The only recognizable cosmeceutical name in hair loss is Aveda by Estée Lauder (NYSE:EL) with Invati, a treatment collection selling for $108 claiming a 33% reduction in hair loss through turmeric and ginseng. Unfortunately, biochemical properties of turmeric are only known as an anti-inflammatory used for irritable bowel syndrome and as an anti-cancer aid. Regardless, Aveda's heralded move into the hair thinning market is really aimed at women to prevent hair breakage, as clarified in a footnote on its website.
The allure of progressive cosmetics saw Allergan Inc. (NYSE:AGN) recently pay $350 million for privately held SkinMedica, a maker of professional skin products, thus adding to its popular botox and collagen-like filler Juvederm offerings in advanced cosmetology. SkinMedica's products feature, among other things, hyaluronic acid, a proven component of tissue repair.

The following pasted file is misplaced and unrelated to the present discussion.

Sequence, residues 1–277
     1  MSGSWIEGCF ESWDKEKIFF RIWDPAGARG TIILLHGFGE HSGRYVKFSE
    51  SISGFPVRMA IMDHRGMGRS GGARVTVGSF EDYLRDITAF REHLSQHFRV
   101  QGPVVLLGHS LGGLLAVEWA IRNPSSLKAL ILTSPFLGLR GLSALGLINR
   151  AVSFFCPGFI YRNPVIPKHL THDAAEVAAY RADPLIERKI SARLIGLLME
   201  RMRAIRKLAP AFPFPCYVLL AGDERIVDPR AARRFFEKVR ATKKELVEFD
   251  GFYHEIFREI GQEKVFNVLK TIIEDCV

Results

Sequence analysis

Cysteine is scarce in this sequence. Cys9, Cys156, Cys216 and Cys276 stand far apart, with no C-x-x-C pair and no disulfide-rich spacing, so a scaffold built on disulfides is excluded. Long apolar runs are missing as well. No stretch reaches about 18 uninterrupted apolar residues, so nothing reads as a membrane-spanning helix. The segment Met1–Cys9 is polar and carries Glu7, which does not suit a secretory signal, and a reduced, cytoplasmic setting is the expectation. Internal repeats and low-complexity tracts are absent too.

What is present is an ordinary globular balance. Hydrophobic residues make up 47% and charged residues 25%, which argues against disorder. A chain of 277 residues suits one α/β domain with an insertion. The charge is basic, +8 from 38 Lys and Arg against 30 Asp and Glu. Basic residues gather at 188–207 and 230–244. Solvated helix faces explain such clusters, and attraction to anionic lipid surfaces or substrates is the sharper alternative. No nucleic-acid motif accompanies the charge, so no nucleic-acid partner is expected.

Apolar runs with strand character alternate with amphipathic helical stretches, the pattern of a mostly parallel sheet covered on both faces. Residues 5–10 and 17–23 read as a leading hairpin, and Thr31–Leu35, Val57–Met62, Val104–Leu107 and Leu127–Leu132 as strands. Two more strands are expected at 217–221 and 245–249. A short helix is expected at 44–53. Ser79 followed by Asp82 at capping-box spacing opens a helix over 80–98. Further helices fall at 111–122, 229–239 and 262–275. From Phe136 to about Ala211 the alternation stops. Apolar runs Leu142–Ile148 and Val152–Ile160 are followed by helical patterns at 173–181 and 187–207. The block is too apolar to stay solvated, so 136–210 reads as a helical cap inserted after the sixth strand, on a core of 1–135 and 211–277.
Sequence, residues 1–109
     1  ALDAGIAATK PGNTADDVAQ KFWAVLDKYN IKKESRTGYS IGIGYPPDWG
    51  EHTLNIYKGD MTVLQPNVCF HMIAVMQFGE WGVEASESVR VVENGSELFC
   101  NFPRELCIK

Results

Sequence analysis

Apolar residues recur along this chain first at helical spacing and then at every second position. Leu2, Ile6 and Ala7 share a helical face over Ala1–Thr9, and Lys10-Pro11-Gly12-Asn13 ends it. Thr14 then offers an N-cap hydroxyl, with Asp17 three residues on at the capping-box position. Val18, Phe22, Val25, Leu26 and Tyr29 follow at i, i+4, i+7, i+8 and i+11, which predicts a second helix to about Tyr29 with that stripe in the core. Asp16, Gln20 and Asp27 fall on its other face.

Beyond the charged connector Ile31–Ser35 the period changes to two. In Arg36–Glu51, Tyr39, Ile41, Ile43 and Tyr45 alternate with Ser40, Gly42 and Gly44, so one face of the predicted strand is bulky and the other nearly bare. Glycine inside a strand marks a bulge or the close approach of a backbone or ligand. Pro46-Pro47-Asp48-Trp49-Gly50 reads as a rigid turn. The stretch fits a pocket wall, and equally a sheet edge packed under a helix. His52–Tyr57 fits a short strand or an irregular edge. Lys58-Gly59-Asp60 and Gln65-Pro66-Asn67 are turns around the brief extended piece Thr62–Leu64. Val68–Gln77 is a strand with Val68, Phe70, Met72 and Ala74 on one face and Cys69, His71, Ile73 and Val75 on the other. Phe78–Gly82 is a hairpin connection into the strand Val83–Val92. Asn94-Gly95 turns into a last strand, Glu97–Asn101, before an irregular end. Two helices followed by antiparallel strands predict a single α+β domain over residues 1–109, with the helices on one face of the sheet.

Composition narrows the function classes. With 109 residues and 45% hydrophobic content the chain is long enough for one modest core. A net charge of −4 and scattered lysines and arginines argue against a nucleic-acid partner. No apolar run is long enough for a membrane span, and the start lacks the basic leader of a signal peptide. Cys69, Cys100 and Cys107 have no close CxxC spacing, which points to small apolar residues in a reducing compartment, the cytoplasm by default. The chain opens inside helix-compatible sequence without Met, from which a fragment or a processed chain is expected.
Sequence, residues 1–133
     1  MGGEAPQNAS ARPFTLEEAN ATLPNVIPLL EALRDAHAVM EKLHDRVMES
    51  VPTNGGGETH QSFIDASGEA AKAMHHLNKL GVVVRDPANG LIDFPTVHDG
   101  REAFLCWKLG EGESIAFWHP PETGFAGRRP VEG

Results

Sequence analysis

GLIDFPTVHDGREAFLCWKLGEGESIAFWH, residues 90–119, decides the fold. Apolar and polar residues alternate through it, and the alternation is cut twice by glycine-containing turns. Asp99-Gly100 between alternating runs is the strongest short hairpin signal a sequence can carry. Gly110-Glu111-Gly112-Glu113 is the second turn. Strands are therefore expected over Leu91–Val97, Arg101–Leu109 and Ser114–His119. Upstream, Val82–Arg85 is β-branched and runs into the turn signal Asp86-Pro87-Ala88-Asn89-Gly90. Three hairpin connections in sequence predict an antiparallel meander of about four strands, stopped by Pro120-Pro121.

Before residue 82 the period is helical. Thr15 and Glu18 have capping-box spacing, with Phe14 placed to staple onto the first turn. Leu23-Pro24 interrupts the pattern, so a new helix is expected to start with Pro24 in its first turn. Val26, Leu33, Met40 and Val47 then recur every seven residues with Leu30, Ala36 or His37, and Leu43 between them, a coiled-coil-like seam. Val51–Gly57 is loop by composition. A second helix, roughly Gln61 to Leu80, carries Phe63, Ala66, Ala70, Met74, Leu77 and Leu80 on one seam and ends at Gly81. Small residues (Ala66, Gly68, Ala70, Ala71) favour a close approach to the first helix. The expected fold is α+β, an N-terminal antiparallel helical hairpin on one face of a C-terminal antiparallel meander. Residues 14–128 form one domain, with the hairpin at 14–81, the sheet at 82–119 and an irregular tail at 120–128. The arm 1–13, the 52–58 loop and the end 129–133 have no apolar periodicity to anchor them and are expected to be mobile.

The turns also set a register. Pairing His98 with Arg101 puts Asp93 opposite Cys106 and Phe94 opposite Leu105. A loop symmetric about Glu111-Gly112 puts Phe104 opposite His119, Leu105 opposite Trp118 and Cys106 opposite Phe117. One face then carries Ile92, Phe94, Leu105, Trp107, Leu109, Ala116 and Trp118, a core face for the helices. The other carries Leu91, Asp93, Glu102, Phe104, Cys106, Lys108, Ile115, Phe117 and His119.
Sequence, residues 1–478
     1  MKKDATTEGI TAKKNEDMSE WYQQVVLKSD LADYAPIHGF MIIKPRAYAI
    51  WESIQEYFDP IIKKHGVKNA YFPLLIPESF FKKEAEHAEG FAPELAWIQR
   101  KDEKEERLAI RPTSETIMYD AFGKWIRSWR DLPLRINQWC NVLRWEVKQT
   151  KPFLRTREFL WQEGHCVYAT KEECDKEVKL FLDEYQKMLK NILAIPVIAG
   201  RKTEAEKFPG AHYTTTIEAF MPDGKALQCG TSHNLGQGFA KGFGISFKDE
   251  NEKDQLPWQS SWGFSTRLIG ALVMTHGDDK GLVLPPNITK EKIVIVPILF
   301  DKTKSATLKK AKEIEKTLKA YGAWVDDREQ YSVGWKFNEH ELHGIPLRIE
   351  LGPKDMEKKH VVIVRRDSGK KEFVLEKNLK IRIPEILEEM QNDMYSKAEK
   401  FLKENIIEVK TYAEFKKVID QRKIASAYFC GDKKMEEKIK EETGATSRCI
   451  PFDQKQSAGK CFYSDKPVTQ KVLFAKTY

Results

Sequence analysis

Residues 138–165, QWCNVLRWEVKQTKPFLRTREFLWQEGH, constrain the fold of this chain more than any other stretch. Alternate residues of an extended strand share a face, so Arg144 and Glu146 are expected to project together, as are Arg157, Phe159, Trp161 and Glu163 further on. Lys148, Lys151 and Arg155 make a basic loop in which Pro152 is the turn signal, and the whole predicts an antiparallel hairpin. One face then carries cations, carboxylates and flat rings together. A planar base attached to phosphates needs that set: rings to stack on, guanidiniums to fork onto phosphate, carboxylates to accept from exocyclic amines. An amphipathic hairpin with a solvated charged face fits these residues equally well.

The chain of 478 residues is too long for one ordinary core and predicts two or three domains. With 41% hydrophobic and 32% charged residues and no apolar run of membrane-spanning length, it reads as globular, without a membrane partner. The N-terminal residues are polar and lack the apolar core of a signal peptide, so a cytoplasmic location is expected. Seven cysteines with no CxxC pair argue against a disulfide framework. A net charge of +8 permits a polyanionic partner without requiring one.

DS Healthcare's closest publicly traded peer is Obagi Medical Products, Inc. (NASDAQ:OMPI), which at a $240 million market cap does not offer the breadth of product categories nor innovative formulas. The closest upscale ingredient in Obagi's skin line is 4% hydroquinone for skin lightening and toning and this has the disadvantage of only being sold by prescription. Obagi's Professional Series is no more than ascorbic acid, or vitamin C, in grades of 5% to 20% despite being marketed as the only treatment that can effectively be absorbed into skin for fullest free radical protection.